Blogging "The God Delusion" | Bleader

Blogging "The God Delusion"



Blogging has opened up a surprisingly leisurely and thorough subgenre of criticism -- I wouldn't call it "fisking" because it's more civil, but it's related. One good example I've seen is over at Higgaion, where Christopher Heard is reading (actually, listening to) Richard Dawkins's best-seller The God Delusion and making astute commentary. If you're like me -- interested in the book but unlikely to have time to read it -- Heard's critique is clear and detailed and seems unaffected by his ultimate allegiance. No other review I've seen comes close to this one in quality, at least as far as it goes. And because it's so thorough it also puts the question to those who defend Dawkins's every move, no matter how foolish.

Here's part of Heard's commentary on Chapter 3, Part 1:

"At this point in the chapter, Dawkins pauses to take a swipe at the concepts of omniscience and omnipotence. Before analyzing Dawkins’s comments, I should reveal that I have no great love for either term. The concepts of omniscience and ominpotence are, from my point of view as a student of the Hebrew Bible, Johnny-come-latelies who have little to do with the biblical portrayal of God.... With that bias out on the table, you will understand why I am not going to try to defend the concepts of omnipotence and omniscience as such against Dawkins’s snarky 'critique.'

"Neither, however, am I going to affirm that Dawkins has put forward a strong critique of either notion. He hasn’t (at least, not at this point in chapter 3). Dawkins’s entire aside consists of a thin claim that omniscience and omnipotence are mutually incompatible. 'If God is omniscient, he must already know how he is going to intervene to change the course of history using his omnipotence. But that means he can’t change his mind about his intervention, which means he is not omnipotent' (2:38:26). That’s the entire substance of Dawkins’s argument against these concepts (at least by this point in chapter 3). It is by no means incumbent upon Dawkins to oppose these concepts at all in order to disprove (or stack up large probabilities against) the God Hypothesis, since the God Hypothesis as Dawkins has stated it does not apply either label, much less both, to the creative intelligence that it does posit. Here again we have a red herring. On the other hand, if Dawkins is going to take swipes at specific theological dogmas, he needs to understand them.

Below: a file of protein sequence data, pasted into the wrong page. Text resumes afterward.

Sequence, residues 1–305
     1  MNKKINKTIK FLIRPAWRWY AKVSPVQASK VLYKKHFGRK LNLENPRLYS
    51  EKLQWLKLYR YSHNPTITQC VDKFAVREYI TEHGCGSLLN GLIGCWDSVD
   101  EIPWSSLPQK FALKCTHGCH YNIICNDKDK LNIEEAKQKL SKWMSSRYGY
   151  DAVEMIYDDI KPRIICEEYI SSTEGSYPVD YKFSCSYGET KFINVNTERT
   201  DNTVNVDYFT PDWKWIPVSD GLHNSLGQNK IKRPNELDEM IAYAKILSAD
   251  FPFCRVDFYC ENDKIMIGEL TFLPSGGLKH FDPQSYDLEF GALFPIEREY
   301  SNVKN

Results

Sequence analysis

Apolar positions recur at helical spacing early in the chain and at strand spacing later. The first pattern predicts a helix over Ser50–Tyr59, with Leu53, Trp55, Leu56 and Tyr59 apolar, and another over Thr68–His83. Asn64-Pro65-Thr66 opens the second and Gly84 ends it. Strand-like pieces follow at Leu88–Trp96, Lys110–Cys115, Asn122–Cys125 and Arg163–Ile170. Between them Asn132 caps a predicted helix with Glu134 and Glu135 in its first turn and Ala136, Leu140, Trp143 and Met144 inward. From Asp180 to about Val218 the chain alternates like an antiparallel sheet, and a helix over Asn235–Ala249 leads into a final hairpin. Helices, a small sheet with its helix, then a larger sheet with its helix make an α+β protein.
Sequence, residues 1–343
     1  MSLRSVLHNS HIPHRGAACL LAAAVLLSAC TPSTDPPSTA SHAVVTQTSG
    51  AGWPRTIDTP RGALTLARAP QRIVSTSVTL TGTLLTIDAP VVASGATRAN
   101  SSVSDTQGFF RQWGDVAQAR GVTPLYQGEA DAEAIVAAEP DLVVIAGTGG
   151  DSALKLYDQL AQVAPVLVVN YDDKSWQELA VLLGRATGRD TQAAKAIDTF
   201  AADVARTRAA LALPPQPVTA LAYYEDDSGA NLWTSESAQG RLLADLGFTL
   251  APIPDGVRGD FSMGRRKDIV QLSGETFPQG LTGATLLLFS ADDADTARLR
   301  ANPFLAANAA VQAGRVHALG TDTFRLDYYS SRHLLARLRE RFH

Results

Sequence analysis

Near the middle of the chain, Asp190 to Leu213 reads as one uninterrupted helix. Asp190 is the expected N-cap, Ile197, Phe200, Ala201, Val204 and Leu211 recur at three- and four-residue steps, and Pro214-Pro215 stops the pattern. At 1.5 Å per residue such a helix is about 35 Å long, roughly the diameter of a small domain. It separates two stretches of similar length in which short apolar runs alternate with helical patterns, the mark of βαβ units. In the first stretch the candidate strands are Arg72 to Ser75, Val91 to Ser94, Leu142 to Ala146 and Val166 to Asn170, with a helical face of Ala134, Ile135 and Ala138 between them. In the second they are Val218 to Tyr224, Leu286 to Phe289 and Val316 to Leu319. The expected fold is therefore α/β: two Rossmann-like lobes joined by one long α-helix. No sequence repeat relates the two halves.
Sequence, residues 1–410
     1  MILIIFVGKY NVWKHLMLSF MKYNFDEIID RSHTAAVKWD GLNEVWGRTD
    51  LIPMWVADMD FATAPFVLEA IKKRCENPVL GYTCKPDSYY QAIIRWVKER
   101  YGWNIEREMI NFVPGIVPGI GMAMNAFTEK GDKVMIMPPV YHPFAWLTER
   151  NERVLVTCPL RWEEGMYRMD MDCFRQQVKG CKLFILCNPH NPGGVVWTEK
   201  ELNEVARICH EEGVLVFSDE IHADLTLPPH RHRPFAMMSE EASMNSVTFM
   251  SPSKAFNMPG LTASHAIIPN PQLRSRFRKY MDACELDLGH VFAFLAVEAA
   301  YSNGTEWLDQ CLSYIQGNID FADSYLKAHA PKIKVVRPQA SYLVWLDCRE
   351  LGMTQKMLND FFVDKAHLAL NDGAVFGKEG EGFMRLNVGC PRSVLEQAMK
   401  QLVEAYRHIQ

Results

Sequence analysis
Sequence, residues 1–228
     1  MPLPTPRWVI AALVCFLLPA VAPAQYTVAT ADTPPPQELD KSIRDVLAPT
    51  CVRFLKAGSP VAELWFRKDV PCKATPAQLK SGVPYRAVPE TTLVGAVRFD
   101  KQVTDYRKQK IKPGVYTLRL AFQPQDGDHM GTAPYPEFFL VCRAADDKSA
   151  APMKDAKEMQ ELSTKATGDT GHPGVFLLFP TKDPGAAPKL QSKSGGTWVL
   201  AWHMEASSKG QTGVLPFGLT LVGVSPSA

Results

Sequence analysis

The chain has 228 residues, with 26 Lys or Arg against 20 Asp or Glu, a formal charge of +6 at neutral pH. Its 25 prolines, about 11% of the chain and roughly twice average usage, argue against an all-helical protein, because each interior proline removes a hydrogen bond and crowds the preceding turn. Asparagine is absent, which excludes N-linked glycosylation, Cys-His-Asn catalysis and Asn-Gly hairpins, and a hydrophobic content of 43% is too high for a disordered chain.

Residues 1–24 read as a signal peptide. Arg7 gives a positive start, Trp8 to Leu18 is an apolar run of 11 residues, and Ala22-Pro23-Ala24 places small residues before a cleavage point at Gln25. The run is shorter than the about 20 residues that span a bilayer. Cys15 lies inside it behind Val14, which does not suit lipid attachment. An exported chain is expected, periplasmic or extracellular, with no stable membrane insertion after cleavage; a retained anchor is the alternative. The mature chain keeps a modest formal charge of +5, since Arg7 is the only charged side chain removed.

"The philosophical-theological literature teems with controversy over just how omnipotence and omniscience are to be understood. The incompatibility that Dawkins asserts is only a genuine incompatibility if one defines omniscience as a factual knowledge of every actual state of affairs, past, present, and future, and if one defines omnipotence simply as the power to do anything at all. Some theologians have written entire books objecting to one, the other, or both of these simplistic definitions."

Way too many unbelievers in the blogosphere respond like party hacks when faced with this sort of criticism.  Most guilty is PZ Meyers of the popular blog Pharyngula, whose forte is shooting creationist fish in a barrel. Equally disappointing, though more polite, have been Mark Trodden at Cosmic Variance and Jason Rosenhouse at EvolutionBlog. (These bloggers were responding to short published reviews that made the same point, though perhaps not as clearly; to my knowledge none of them has paid Heard any attention, but I could've missed it.)

PZ Meyers asks, "Why the hell should anyone have to take the frilly excuses of theology seriously?" If you're convinced (as he is) that religion is evil and should be eradicated, then you have to undertake the same unpleasant task that you would if you sought to eradicate the uncritical worship of George W. Bush. You have to understand why and how it happens. Randomly thundering against it in general, focusing on side issues instead of the main one (and misunderstanding them), and claiming you don't need to know anything about it, are unproductive strategies. They're unproductive in themselves, and they make even sympathetic observers conclude that you're not serious.

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